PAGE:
Although the village is very small but the proper signage’s has been used for one way traffic, bus stands etc. Fresh air, good food, simple life style and sports are the key, which makes the Khonoma people healthy. Primary Health Centre facility is available in the village. Sports and cultural activity spaces has been built at many places in the village. Since 1994, Centre for Environment Education (CEE) has played an important role to make the Khonoma a First Green Village of India.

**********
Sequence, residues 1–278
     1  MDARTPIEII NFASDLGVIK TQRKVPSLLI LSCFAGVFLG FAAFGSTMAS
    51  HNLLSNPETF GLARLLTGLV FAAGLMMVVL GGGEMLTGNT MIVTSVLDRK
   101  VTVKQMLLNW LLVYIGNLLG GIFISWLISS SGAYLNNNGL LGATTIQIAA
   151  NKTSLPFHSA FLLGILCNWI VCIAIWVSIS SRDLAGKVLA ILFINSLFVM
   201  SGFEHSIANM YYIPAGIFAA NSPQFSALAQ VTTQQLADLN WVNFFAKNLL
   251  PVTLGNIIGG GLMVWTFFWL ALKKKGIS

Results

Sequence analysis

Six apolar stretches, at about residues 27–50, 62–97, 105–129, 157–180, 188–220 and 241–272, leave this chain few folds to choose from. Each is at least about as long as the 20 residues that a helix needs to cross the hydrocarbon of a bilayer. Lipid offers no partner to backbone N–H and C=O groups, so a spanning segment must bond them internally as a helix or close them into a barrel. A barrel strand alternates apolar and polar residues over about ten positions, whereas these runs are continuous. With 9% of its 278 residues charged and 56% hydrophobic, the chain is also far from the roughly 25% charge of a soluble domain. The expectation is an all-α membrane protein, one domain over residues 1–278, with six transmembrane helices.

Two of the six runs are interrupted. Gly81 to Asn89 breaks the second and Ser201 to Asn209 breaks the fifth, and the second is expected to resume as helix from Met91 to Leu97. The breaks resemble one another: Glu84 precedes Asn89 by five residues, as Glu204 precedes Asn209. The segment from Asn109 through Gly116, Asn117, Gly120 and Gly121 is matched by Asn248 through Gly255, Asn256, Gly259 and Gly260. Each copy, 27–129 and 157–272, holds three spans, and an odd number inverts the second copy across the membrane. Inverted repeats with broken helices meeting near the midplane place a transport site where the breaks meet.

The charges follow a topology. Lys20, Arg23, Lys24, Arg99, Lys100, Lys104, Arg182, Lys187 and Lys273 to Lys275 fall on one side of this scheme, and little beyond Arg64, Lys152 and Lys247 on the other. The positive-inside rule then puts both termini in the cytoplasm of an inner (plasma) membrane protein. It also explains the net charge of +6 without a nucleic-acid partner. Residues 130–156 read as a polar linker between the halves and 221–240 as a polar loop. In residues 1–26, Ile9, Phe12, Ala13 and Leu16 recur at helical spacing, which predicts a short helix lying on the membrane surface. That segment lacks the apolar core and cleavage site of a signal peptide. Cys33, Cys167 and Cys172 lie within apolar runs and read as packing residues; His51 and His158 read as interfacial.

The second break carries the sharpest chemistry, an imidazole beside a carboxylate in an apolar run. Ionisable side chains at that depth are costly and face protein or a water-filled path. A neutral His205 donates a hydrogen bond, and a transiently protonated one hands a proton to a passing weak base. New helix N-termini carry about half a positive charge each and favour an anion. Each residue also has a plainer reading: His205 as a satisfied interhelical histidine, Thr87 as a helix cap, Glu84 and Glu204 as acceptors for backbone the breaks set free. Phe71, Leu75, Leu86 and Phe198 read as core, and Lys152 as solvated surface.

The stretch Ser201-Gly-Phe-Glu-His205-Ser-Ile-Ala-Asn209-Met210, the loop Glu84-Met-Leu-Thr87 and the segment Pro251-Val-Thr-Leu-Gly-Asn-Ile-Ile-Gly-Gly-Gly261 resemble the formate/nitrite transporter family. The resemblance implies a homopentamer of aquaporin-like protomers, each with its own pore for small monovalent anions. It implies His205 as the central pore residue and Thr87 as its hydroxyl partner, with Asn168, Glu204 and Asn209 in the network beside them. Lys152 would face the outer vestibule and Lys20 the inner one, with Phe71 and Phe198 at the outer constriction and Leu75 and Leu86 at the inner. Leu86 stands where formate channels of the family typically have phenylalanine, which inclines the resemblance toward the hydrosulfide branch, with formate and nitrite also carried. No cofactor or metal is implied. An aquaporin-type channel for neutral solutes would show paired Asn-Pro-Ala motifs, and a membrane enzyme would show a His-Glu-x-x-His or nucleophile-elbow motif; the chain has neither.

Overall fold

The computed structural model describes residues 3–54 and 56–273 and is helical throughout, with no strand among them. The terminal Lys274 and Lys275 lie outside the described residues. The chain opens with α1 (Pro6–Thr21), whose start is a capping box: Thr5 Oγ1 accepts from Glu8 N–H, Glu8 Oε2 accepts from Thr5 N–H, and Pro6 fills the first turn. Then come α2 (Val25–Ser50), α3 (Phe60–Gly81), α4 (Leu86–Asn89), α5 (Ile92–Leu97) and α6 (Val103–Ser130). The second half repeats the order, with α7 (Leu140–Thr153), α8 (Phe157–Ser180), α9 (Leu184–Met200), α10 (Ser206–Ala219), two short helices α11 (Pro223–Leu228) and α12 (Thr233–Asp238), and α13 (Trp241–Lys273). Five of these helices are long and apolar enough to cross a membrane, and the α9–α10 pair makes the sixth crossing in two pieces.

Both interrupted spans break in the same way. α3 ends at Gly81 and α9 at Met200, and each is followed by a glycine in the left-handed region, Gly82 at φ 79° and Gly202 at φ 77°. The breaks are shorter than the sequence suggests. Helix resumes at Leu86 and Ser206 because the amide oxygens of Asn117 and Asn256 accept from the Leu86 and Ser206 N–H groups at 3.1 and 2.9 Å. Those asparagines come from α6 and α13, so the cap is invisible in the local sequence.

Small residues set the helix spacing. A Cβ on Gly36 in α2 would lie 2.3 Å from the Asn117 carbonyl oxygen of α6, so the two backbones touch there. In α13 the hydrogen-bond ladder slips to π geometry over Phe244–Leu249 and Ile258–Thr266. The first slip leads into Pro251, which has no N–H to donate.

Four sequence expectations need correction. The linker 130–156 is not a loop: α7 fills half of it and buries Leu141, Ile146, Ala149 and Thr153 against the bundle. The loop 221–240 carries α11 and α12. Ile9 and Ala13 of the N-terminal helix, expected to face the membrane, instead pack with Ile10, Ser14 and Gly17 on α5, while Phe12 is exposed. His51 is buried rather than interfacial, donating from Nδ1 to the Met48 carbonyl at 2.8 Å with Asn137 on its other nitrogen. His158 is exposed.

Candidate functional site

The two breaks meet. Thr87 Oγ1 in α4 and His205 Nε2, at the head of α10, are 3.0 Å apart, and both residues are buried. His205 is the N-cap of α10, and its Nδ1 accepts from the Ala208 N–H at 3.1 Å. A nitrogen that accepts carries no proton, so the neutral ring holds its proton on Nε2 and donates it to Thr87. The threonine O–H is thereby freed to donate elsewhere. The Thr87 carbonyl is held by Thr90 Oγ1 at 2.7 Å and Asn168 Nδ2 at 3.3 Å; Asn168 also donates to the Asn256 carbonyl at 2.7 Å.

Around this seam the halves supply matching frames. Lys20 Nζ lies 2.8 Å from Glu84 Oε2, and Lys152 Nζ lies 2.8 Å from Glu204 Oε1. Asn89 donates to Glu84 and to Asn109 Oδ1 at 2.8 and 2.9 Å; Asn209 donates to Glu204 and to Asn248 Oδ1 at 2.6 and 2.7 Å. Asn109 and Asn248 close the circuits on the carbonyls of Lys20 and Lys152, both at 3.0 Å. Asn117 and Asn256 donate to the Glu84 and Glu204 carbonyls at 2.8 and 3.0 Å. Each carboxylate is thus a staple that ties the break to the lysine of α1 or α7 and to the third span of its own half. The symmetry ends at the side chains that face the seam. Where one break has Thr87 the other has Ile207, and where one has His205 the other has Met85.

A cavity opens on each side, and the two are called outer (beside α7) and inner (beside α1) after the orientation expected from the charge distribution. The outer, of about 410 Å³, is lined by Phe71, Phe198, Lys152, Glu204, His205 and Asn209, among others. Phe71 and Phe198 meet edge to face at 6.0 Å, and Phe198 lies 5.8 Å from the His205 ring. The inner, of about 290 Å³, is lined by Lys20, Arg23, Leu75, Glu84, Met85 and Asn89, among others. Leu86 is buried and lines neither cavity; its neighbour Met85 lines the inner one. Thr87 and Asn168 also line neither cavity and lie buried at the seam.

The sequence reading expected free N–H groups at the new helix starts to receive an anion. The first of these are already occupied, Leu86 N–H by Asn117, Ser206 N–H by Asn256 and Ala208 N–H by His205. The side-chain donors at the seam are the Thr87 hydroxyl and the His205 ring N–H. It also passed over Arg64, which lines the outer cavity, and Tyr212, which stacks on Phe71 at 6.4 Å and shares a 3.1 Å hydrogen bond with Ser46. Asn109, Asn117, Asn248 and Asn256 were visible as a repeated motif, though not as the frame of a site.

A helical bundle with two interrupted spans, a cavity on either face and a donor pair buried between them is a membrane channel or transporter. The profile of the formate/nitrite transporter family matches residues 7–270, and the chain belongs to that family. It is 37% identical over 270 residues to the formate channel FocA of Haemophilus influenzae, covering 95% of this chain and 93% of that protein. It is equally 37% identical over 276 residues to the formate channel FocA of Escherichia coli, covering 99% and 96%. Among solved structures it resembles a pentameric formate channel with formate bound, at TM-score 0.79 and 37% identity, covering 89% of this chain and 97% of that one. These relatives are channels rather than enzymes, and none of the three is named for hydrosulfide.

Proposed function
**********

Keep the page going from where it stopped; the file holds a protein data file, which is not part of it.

The India is taking a lead role to develop its villages in sustainable model. Khonoma is the successful example of such initiative and became the first green village of India. The village has been placed on the tourism map of the country and has attracted many wildlife enthusiast, conservationists, researchers and tourists. The green village initiative has firstly taken by the indigenous inhabitant of Khonoma and further supported by the government. The soul of India lies in its villages. If the villages are green and villagers are happy, then the smell of pesticides in the food could be avoided and environment could be healthy.